– 273.2 degrees Celsius is the temperature of absolute zero. Celsius was created by taking the boiling point of water and the freezing point and dividing it by one hundred points. This then is not a random calculation, but one based on a standard element for life and a standard measure.
    – 27.32 earth days is the Sidereal period (complete orbit) of the moon. Or easier said, the exact time it takes the moon to go around the Earth exactly once.
    – Gasses expand by 1/273 of their volume with every degree on the Celsius/centigrade scale
    – If you were to draw a circle inside a square, with the circle’s diameter the same as the square’s length, the area left over that the circle does not cover is 27.32% of the total area of the square.
    – 27.3 days is also the average rotation period of a sunspot.

    The Moon, Measurement and 1092
    – There are 109.2 Earth diameters across the width of the sun
    – There are 109.2 sun diameters between the sun and the Earth when Earth is farthest away from the sun.
    – The circumference of the moon is 10920.8 km

    The Moon, Measurement and 400
    – The Moon rotates at a speed of 400 km/h.
    – The Earth turns at 100 times the rate and travels 40,000 km per rotation.
    – Conversely the Sun is 400 times larger than the Moon and 400 times further away from Earth, making the sun and moon appear exactly the same size in the sky. For this reason when the moon passes between the sun and Earth, it creates eclipses.
    – The moon reflects 1/400,000 the amount of the light from the sun to us.
    – Moon Diameter is: 2,160 miles. Diameter of the Sun is 865,294 miles. Divide 865,294 by 2,160 = 400.6
    – Earths circumference is almost exactly 40,000,000 m along the meridian.

    The Moon, Measurement and 366
    – 366 lunar days (1 lunar day = 27.32 Earth days) = 10,000 earth days
    – The ratio of the moon’s diameter to Earth’s diameter is 3.66
    – The Earth is 366% the measurement of the moon at the polar circumference
    – Strangely enough, the earth rotates 366 times in a single full orbit of the sun. And if you divide that recurring 400 by 3.66, you get that recurring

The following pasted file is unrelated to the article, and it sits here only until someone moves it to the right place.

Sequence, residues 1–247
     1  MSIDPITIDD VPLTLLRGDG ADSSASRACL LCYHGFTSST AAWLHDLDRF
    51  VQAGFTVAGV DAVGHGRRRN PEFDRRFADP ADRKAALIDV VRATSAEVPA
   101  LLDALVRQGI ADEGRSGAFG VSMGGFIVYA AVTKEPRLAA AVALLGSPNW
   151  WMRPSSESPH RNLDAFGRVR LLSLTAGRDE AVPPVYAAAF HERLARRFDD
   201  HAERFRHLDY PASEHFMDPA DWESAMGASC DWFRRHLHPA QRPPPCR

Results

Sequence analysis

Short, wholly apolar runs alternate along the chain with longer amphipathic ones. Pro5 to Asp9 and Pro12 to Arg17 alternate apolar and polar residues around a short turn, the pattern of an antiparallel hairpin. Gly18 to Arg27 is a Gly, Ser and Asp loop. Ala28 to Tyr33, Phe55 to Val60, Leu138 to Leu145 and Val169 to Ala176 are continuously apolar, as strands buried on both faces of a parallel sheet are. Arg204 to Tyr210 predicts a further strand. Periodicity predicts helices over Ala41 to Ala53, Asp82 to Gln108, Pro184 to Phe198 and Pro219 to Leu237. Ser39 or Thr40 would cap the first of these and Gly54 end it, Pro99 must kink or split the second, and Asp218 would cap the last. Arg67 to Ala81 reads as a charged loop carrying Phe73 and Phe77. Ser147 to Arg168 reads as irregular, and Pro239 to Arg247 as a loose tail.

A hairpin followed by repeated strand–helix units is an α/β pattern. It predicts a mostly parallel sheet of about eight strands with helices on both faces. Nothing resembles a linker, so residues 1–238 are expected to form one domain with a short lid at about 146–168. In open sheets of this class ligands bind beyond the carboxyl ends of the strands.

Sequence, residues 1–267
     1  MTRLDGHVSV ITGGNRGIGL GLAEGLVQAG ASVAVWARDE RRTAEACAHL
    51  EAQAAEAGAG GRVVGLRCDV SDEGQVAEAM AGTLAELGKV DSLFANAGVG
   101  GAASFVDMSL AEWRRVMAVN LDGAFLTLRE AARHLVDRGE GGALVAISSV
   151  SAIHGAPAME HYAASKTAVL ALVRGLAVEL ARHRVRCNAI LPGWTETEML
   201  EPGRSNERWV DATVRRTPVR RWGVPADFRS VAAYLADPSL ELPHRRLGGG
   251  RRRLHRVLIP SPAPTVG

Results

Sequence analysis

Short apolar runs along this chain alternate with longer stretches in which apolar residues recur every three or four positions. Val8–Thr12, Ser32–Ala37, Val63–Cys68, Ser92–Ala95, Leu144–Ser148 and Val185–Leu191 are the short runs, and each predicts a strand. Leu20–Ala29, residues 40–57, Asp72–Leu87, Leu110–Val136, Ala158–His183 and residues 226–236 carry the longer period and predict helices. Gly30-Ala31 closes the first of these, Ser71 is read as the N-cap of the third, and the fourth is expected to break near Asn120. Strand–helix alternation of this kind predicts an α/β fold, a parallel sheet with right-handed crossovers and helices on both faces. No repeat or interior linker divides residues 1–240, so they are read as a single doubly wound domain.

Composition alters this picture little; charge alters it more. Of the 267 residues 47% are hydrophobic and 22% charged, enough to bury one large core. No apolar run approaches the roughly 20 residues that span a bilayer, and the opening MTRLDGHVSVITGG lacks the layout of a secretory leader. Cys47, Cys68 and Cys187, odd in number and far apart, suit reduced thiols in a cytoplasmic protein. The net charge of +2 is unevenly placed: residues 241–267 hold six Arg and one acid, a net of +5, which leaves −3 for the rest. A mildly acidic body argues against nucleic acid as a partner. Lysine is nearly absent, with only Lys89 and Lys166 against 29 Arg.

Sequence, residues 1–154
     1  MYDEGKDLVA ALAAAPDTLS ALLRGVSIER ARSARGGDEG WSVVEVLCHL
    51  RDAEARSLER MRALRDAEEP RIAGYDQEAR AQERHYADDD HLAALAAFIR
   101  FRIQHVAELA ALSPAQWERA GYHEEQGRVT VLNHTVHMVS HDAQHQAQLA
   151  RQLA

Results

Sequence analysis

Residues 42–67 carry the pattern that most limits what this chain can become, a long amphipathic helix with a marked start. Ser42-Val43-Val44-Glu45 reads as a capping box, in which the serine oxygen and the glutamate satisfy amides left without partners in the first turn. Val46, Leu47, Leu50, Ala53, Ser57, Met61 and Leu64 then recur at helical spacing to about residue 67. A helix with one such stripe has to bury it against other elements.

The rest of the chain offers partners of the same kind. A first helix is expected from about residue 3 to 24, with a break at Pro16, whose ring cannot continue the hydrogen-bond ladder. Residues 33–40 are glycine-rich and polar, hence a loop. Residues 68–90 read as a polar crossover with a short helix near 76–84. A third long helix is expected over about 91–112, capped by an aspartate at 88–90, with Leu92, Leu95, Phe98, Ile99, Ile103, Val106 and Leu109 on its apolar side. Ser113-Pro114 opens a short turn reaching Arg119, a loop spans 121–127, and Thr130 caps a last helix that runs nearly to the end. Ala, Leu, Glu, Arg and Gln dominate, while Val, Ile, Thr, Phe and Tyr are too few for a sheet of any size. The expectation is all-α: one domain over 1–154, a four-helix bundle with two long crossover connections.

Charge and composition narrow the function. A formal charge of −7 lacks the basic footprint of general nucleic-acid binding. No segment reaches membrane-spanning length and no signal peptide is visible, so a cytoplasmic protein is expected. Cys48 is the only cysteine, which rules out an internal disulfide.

(source: The Destruction of Sabbath)

    Cool huh?

  9. Most biblical stories were drawn from far more ancient texts from a variety of countries, showing that the Bible is not the “word of God”, but an amalgamation of earlier historical events, written in such a way as to promote the “specialness” of the tribe that compiled it (it may not have been written down at first). I’m an ancient history freak, and my conclusion after 60 years of perusing history and archeology is that the god of the Bible is not Creator#1, but one of the off-world beings (Annunaki?)who came to earth and did genetic modifications on the beings who were already here, leading the earthlings to consider him their creator/god and fight his wars. Unfortunately, these wars are still being fought.

  10. “Why does the Moon not appear to rotate and show only one face to the Sun? It seems a mighty big damn coincidence that it would have a rotation speed equal to its orbital period…”

    Used to think this evidenced intervention of a higher intelligence, but on its own it doesn’t. I learned that The Law of Conservation of Angular Momentum is such that when two bodies orbit each other long enough, the smaller will end up in this situation (with same side constantly facing the larger).
    “The Moon used to rotate at a different rate than it orbited around Earth, but over time our planet tugged at different parts of the Moon. Over time, more of the Moon’s mass shifted to our side of its body and its rotation became locked to its revolution. This phenomenon, by the way, is also present in other moons in the Solar System. Also interesting: this immense shift inside the Moon made the crust thinner on our side, which means there are more ancient lava seas on our side and more mountains on the other side.”
    Hooray for math and science. :)

    Still, there are several odd facts about the moon – just a few:
    they have quakes – “moonquakes”; when we detonated on the moon, it seemed to resonate as if hollow (one hypothesis); the rocks brought back were magnetized – indicating that the moon once had a magnetic field; our moon is the only in the solar system to have a near perfect circular orbit while the moon’s center of mass is about 6000 feet closer to the Earth than its geometric center. This should cause wobbling, but because of the moon’s bulge it doesn’t.
    Seems like “Something” had to put the moon in orbit with its precise altitude, course, and speed.

    Moon diameter & distance: How does one explain the coincidence that the moon is just the right distance, coupled with just the right diameter, to completely cover the sun during an eclipse?

    Isaac Asimov responds,
    “There is no astronomical reason why the moon and the sun should fit so well. It is the sheerest of coincidences, and only the Earth among all the planets is blessed in this fashion.”

  11. Hi George, here is a link to begin your historical study.

    As for the moon? It was dislodged from it’s original location in the Lyran home worlds by the Destroyer, a large object that wreaked havoc in the home worlds. It was dislodged at some point in time and took a trajectory that caused it to take up an irregular orbit in our solar system. In it’s trip here it dragged the moon here also. The Destroyer was so named because of the geological cataclysims it wreaked on planets in the home worlds when it’s path came close to the inhabited planets there.